Chances are college-bound kids got little to not personal finance education in high school, so it’s up to parents to talk budgets and boundaries.
The car is packed. The courses chosen. The pilgrimage to Bed, Bath & Beyond BBBY completed. Your child is headed off to college and every need is filled. Or is it? How about the skills necessary not to blow whatever budgetary limits you’ve set in the first semester, if not the first month?
It’s not an easy maneuver to accomplish. Chances are your child got little to no personal finance education in high school. That means the skills they have to manage their own money are the ones you’ve taught them. And they may not have picked up as much as you think. T. Rowe Price’s 2014 Parents, Kids and Money survey revealed that while nearly 75% of parents say they’re having regular conversations with their kids about money, only about 60% of kids say the same. (Could it be they’re not listening? Shocking!) With that in mind, here’s a quick checklist of items to discuss before you drop them off at the dorm.
Spending limits. Some colleges will provide you with guidelines of how much spending money to give your kids. Northwestern University, for example, says about $2,000 will be sufficient for the 2014-2015 academic year, while the University of Arizona says $1,800 (not including books). Stretching those dollars, however, will be hard for kids who aren’t used to paying for their own pizza, let alone laundry and shampoo. It’s important to sit down with your kids to develop a basic list of what money will likely be used for – and how much those things cost – to make sure actual expenditures fall in line with these estimates. (Full disclosure: My son is at Northwestern University. Their number seems low to me.) Richard Barrington, senior financial analyst for MoneyRates.com, also suggests doling the money out slowly – say a month at a time — and for specific purposes. “Over time, parents can give kids a longer leash, providing money for longer periods of time,” he says.
The ID card. The student ID card is now a veritable Swiss Army Knife. Sure, it gets you into the library. But it also swipes you into the dining halls. And it’s essentially a prepaid debit card, as well. Parents put money on an account and students use that money for food, copies or whatever other campus service they need. Often, they blow through it too quickly. “For a student, it’s mythical money out in the clouds somewhere and that can be dangerous,” says J.J. Montanaro, a certified financial planner with USAA. That’s the bad news. What’s good about these cards is that you (and your student) have the ability to check what your balance is at any time. And, because the amount on tap is capped, there’s not the same risk you’d have if you handed your child a credit card (more on that in a moment). “The worst thing that happens is that a student blows three months worth of money in 10 days.” Talking about the card before your child leaves home can prevent that from happening.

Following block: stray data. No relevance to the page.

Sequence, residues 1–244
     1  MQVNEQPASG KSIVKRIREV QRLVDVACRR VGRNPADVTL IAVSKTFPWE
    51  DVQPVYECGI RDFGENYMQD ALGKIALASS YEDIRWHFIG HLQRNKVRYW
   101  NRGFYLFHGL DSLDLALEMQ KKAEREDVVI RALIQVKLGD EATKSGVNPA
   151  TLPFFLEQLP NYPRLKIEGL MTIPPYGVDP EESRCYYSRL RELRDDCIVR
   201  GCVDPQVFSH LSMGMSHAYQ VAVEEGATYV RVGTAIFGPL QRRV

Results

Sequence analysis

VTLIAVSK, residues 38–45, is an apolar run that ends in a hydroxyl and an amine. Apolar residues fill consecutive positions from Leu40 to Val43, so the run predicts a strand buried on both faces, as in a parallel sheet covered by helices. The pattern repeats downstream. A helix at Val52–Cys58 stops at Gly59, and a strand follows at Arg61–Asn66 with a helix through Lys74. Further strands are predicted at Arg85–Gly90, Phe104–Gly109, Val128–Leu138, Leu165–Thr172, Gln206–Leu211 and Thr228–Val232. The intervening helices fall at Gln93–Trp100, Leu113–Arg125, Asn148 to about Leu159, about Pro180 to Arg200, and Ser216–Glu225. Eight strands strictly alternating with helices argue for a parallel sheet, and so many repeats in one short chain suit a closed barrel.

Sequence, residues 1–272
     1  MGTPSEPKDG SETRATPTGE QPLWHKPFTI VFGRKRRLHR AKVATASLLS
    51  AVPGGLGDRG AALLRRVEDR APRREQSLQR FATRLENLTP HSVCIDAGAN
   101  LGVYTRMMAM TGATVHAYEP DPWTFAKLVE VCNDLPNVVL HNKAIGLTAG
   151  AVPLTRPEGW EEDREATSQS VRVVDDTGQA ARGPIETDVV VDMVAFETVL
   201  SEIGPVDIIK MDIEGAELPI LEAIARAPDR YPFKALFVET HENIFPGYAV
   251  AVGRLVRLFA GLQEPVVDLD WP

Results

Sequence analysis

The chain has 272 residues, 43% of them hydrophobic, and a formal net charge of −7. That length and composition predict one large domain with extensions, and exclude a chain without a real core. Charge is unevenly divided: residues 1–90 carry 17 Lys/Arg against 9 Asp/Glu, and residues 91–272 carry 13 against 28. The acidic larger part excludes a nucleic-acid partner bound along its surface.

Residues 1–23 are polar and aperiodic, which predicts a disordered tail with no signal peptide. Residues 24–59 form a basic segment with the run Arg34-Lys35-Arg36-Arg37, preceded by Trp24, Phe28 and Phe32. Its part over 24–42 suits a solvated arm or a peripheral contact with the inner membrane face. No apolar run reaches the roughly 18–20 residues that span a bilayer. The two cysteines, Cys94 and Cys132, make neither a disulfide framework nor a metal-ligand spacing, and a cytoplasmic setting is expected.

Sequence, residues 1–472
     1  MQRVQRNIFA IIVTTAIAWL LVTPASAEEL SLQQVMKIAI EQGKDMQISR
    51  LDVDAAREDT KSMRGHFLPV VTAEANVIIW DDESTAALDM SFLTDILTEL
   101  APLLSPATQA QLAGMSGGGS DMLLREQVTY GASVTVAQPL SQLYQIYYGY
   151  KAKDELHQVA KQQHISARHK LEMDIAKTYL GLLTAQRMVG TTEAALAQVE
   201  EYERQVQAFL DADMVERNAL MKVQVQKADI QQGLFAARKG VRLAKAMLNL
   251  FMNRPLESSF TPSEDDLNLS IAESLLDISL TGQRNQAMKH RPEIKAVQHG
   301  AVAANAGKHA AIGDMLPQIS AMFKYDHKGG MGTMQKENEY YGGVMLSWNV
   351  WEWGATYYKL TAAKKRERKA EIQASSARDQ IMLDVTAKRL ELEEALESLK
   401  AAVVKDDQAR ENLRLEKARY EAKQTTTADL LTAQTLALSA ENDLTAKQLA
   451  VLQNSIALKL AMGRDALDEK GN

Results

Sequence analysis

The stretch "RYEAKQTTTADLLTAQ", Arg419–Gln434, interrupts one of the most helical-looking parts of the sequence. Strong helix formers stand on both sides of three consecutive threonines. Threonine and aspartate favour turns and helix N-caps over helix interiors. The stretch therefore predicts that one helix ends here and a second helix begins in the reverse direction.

Picking the right bank. Although it may seem more convenient to have your child bank at the same institution you do – so that you can transfer funds into his or her account in the event of a shortfall – it may also prove to be more expensive. The Achilles heel of the college student when it comes to banking is the $3 a pop ATM fee. Chances are there are one or two banks with a convenient ATM presence. (One may even be able to link its debit function to the aforementioned student ID.) Unless your child has an account and card with one of those, these ATM charges add up. Fast.
A credit card for emergencies. Since the passage of The Credit CARD Act in 2009, kids under 21 are not supposed to be issued credit cards of their own unless they have either income to support their spending or a co-signer. Have some slipped through the cracks? Undoubtedly. But the credit scores of millennials have also suffered as a result. I wrote about this for Fortune in February. If you want your child to a) have credit on hand for either emergencies or regular usage and/or b) build a credit history while in college, the best way to go about it is to add your child to one of your accounts as an authorized user. Make sure the card you choose actually will report on the child’s behalf to the credit bureaus. Some issuers, including American Express, will also allow you to set a spending limit that applies to your child’s card alone. As you can imagine, this comes in handy. Note: According to Javelin Strategy & Research, nearly 25% of college students now have prepaid cards in their wallets. This might solve the budgeting/emergency problem, but not the credit score issue as prepaid card history isn’t reported to the credit bureaus.
Finally, talk to your child about getting a part-time job. The money they’re undoubtedly going to blow through on a college campus – like anywhere else – looks far more valuable when they’ve actually earned it.
With reporting by Steven Goldstein.